Breaking Home Ties

From Wikipedia, the free encyclopedia
Jump to: navigation, search

Breaking Home Ties was painted by Norman Rockwell for the September 25, 1954 cover of The Saturday Evening Post.

Description[edit]

The details of the picture, as with most Norman Rockwel works, combine to tell a story, in this case a story of endings and beginnings, as a boy from New Mexico leaves home for the first time. The painting, considered by experts to be one of Norman Rockwell's masterworks, is also one of the most widely reproduced.

The young man and his father sit on the running board of the family's stakesided farm truck. The ticket protruding from the son's pocket, and the single rail visible at the lower corner of the painting, by which the trio sit, suggest that they are at a whistle stop waiting for the train.

The son's books are stacked on a new suitcase bearing a "State U" pennant. With his tie and socks perfectly matched, wearing pressed white trousers and matching jacket, he is ready for his new life in college. The young man's shoes are shined to a polished gleam, as, hands folded, and with the family dog resting his head in his lap, his gaze focuses eagerly toward the horizon, and on the next chapter in his life.

In contrast, the father sits slumped with both his and his son's hats clutched in his hand, as if reluctant to let him go. The direction of his gaze is opposite to his son's. His watchchain dangles, near at hand, from his shirt pocket. There is a red flag and a lantern at the ready, near his right hand, atop a well-used trunk. With the son's luggage unloaded and waiting next to them, there is nothing left for him to do but signal the train to stop, and his pose suggests that he is looking up the track, dreading the imminent arrival of the train that will carry his son away.

Though the two figures are not looking at each other, the sense of family ties is very strong in the iconic 1954 picture.

History[edit]

Breaking Home Ties has been show in many museums, such as the Corcoran Gallery of Art (in 1955). The painting was also on display in Moscow and Cairo in 1964. Since 2003, the painting has been on display at the Norman Rockwell Museum which, before 2003, was the first public display in over 25 years.[1]

In 1960, the painting was purchased for $900 by Don Trachte and was in his ownership until his death on May 4, 2005. Ownership and access went to his four children.[1]

The painting was the inspiration for a 1987 TV movie of the same name, featuring Jason Robards and Doug McKeon respectively as the father and son.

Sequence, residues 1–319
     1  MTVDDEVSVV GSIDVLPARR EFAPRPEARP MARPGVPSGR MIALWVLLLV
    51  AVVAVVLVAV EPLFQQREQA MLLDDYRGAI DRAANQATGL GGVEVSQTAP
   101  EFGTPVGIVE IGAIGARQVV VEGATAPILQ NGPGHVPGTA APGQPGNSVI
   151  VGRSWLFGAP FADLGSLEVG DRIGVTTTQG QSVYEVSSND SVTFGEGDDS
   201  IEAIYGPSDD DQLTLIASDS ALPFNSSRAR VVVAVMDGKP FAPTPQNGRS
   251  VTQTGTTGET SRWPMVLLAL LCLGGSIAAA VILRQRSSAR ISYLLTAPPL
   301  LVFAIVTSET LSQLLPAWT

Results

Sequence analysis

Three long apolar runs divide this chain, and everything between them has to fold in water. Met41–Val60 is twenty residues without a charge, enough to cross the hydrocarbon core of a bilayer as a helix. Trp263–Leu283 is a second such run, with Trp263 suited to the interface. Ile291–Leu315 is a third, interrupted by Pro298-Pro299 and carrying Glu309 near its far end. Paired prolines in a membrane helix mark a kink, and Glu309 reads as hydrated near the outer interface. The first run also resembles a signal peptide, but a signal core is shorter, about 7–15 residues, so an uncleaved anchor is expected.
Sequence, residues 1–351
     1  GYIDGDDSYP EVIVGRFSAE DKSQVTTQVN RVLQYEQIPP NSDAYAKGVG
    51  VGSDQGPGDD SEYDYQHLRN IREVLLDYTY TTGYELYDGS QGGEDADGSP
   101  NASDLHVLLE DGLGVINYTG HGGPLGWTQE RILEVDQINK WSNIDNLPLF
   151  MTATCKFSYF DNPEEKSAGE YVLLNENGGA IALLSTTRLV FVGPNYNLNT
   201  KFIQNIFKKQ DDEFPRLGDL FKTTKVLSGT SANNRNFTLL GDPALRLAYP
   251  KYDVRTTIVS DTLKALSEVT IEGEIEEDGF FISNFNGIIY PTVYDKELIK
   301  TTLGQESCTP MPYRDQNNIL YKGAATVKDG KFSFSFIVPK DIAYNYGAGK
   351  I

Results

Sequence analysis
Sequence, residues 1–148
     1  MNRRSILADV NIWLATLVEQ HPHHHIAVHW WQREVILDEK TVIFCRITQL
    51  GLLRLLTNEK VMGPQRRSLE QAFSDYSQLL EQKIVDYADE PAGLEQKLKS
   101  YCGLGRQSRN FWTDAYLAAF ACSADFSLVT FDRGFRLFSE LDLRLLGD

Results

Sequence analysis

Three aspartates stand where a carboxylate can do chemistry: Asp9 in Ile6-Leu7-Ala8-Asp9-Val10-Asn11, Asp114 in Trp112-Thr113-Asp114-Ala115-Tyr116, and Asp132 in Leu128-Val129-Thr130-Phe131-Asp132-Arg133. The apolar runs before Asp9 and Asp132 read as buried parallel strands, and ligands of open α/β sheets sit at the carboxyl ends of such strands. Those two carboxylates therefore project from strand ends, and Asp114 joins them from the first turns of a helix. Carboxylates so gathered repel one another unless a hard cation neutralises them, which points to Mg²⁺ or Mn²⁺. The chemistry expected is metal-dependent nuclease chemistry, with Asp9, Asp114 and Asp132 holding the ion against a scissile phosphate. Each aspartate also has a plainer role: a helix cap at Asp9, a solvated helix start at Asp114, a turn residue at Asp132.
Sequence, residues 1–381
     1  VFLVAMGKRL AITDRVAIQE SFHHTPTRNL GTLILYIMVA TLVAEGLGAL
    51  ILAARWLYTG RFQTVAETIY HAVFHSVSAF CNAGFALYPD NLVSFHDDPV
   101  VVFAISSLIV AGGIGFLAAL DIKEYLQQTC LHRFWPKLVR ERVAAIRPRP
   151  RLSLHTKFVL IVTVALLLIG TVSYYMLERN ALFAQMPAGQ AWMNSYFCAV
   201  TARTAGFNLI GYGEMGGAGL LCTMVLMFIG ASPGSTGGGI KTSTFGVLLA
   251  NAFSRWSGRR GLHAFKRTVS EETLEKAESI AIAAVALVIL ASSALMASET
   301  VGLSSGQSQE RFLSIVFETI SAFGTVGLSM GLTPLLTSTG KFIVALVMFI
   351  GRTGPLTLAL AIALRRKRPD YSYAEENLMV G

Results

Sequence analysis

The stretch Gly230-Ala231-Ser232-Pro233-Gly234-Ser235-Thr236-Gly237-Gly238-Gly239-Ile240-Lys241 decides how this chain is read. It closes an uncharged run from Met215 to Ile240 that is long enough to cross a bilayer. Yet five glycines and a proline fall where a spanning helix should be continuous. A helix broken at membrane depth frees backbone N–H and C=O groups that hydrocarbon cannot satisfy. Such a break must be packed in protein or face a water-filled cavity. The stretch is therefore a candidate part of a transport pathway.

In February 2006, Dave and Don Trachte, Jr., began to search for paintings in their deceased father's home upon coming across a replica of a painting by George Hughes in their father's studio. They found film in the studio revealing that their father possessed two copies of Breaking Home Ties, with differences that were visibly noticeable. Despite his father stating that he had the painting restored, a professional examination done by the Williamstown Art Conservation Center confirmed that to be false.[1]

On March 16, 2006, Dave and Don found the original painting located in their father's studio located in between a gap in the paneling of a bookcase. In that gap was the original paintings purchased by their father, including the original copy of Breaking Home Ties. On April 6, 2006, the Norman Rockwell Museum placed the originals along with the replicas to keep on display in their museum.[1]

On November 29, 2006, Sotheby's sold the painting at auction for $15.4 million, which at the time was a record sum paid for a Rockwell work. The buyer or buyers chose to remain anonymous.[2]

See also[edit]

References[edit]

  1. ^ a b c d "Iconic Norman Rockwell – Not Known to Have Been Missing – Found Again" (Press release). Norman Rockwell Museum. 2006-04-06. Retrieved 2006-12-06. 
  2. ^ Vogel, Carol (2006-11-30). "$15.4 Million at Sotheby’s for a Rockwell Found Hidden Behind a Wall". The New York Times (New York City). Retrieved 2010-04-02. 

External links[edit]